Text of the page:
One of my favourite Beginner’s Bible songs was “Shadrach, Meshach and Abednego”. In the last year and a bit, the story of these men, and their friend Daniel, has really caught my attention. I want to share some the wonderful aspects of faith that marked Daniel and his friends as being set apart for God. These four men influenced kings and cities to acknowledge God.
Food for Strength
“The Daniel Fast” is a concept that has recently been gaining popularity. Nowadays, there are even recipe books written on this! When I first decided to do a “Daniel fast”, it was during a time when I was learning what it meant to fast intentionally. I looked into the book of Daniel. The very first chapter tells us what Daniel and his friends chose to eat while in training to serve the King who had conquered their nation. More than that, it tells us what kind of culture Daniel and his friends choose to uphold.
- They were not tempted by earthly pleasures
- They chose God’s commands over fitting in with the crowd
- They influenced their cohort
- They excelled in what they did
Verses 4-7, describe some of the methods Babylon used to sway the loyalty of these new captives.
- They were deemed the elite of their people – handsome and gifted, and they were given the opportunity to serve in the king’s palace as men of renown. They would learn the language and literature of Babylon.
(v.4) “… young men in whom there was no blemish, but good-looking, gifted in all wisdom, possessing knowledge and quick to understand, who had ability to serve in the king’s palace, and whom they might teach the language and literature of the Chaldeans.”
- They were to share in a portion of the king’s table – good food and drink, and were to be given three years of training.
(v.5) “And the king appointed for them a daily provision of the king’s delicacies and of the wine which he drank, and three years of training, so that at the end of that time they might serve before the king.”
- They were given new names in the culture of Babylon.
(v.7) “To them the chief of the eunuchs gave names: he gave Daniel the name Belteshazzar; to Hananiah, Shadrach; to Mishael, Meshach’ and to Azariah, Abed-nego.”
All these gestures the king made towards the young men were part of integrating them into his kingdom, and thus, swaying their loyalty. As captives, a hand of friendship seemed yet extended to them. The compromise was that they embrace their new culture, and become loyal to their new king. This pattern of temptation has been repeated time and time again through history – for example, when the Romans took over Jerusalem, and when the Ottoman Turks conquered Christian cities. These conquering nations grew as they swayed the loyalty of their new subjects – it diminished the chance of rebellion and added loyal subjects.
In the midst of all this, we are told that Daniel makes an important decision.
“But Daniel purposed in his heart that he would not defile himself with the portion of the king’s delicacies, nor with the wine which he drank; therefore he requested of the chief of eunuchs that he might not defile himself.” [Daniel 1:8]
Daniel makes a decision in his heart, and he takes action to live this out. He is not pulled away by the riches of Babylon, but remembers who he is and who his God is. He upholds the law of his God, and determines that he will pursue a life of worshipping God only, with clean hands and a clean heart. As part of this, when faced with this situation, Daniel makes a request. He understands his situation and asks the steward over him for permission not to defile himself in this way. He listens when concern is raised regarding the risk to the steward’s life if Daniel and his friends look worse than the other men because they do not eat the good fare of the king’s table. He negotiates and asks for a trial of ten days, for the steward to then review them and to deal with them as seemed fit. Despite being in the pagan land of Babylon, Daniel still honoured his superiors. Throughout the book of Daniel, we see how Daniel’s first loyalty was to God. Yet, he also abided by the rules of the land he was in, as long as they were not contrary to God’s laws. When necessary, he appealed to his superiors – but he did so in a graceful way, not with disgust or pride. Rather, Daniel respected them as leaders of the land while also remaining strong in his faith.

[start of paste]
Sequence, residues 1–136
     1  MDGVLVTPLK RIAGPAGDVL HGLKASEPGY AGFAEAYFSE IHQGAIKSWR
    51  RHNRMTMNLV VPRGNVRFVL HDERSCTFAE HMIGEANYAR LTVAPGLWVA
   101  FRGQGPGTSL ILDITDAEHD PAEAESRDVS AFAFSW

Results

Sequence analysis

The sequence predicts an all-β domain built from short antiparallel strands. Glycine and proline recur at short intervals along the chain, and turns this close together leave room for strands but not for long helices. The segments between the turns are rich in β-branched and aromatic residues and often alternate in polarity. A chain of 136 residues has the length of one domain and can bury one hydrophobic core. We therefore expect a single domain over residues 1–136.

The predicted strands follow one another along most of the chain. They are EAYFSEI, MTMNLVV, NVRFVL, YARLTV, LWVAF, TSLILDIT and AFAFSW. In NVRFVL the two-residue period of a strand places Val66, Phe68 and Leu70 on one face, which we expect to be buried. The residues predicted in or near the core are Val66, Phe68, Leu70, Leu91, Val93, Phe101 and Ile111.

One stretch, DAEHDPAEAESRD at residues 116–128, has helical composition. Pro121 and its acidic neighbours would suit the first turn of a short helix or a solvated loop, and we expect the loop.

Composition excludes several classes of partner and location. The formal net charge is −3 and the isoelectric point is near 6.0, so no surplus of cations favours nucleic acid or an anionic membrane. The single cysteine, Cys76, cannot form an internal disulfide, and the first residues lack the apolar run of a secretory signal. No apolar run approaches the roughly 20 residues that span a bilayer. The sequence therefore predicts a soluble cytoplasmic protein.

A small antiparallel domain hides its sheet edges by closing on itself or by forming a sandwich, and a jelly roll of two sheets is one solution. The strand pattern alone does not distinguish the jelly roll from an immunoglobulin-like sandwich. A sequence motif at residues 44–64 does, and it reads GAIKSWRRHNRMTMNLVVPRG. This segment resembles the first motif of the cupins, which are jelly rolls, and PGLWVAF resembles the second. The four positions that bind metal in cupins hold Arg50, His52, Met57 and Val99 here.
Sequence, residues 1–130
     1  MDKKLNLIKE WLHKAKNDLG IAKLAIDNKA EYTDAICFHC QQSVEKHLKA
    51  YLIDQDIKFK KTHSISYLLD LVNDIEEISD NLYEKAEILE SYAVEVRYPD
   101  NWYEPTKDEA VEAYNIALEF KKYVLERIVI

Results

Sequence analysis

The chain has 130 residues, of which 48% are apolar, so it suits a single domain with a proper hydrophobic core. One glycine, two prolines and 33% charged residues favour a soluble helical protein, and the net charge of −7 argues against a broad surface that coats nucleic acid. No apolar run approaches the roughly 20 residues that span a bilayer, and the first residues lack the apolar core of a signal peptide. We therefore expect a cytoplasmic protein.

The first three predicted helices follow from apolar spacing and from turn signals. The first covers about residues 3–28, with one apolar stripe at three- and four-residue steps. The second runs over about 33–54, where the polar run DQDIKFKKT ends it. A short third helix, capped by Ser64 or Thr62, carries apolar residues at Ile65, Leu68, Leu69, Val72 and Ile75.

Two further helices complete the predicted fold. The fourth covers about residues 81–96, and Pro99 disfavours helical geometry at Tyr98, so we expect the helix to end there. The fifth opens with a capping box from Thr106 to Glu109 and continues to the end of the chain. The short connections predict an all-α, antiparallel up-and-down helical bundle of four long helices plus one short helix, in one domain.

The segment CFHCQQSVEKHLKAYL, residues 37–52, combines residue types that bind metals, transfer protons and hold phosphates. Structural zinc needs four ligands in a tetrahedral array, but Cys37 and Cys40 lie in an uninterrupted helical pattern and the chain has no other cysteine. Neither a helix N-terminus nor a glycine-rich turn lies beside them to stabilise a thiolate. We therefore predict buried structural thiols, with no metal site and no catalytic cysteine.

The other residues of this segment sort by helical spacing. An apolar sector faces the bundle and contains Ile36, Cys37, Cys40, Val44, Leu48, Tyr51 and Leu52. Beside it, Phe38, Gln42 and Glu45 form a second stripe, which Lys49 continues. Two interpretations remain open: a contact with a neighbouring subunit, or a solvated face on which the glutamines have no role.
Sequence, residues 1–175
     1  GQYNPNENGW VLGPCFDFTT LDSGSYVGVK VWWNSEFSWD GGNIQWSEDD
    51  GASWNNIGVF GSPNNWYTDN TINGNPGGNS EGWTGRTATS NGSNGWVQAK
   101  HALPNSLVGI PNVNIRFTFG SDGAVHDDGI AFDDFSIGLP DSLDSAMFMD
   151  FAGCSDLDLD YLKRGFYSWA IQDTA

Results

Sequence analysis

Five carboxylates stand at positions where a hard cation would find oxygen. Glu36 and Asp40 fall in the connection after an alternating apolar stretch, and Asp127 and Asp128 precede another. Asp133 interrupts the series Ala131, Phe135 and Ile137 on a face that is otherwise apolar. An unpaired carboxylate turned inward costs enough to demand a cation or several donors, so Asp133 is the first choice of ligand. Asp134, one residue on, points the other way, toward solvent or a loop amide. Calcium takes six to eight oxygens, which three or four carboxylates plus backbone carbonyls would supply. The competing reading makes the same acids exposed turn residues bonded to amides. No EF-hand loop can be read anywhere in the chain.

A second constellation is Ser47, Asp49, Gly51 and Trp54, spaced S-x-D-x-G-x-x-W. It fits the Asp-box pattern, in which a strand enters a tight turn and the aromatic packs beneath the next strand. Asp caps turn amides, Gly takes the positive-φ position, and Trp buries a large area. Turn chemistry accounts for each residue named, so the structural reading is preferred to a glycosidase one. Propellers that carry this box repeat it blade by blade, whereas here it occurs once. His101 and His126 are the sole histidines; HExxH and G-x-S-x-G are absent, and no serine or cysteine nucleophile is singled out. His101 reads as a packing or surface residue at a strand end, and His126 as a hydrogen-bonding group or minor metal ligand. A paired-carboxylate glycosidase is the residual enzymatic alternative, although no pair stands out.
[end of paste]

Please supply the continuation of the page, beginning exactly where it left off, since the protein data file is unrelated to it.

In essence, Daniel fasted not only food, but also the pleasures of earth. His fast was that he chose to honour God, and all the ways of God.
It was a fasting of the heart, and fasting like that described in Isaiah 58.
“If you turn your foot away from the Sabbath, from doing your pleasure on My holy day, and call the Sabbath a delight, the holy day of the Lord honourable, and shall honour Him, not doing your own ways, nor finding your own pleasure, nor speaking your own words, then you shall delight yourself in the Lord; and I will cause you to ride on the high hills of the earth, and feed you with the heritage of Jacob your father. The mouth of the Lord has spoken.” [Isaiah 58:13-14]
At the end of the chapter, the steward finds that Daniel and his friends, having eaten vegetables and water for ten days, looked better than the rest of the young men who were eating from the king’s table. He subsequently allows Daniel and his friends to continue their diet, and abstain from eating food from the king’s table. In his decision not to eat the king’s delicacies, Daniel sets an example for the other young men of Israel, and also honours God. He testifies that his strength is found in the word and laws of his God – the God of Abraham, Isaac and Jacob.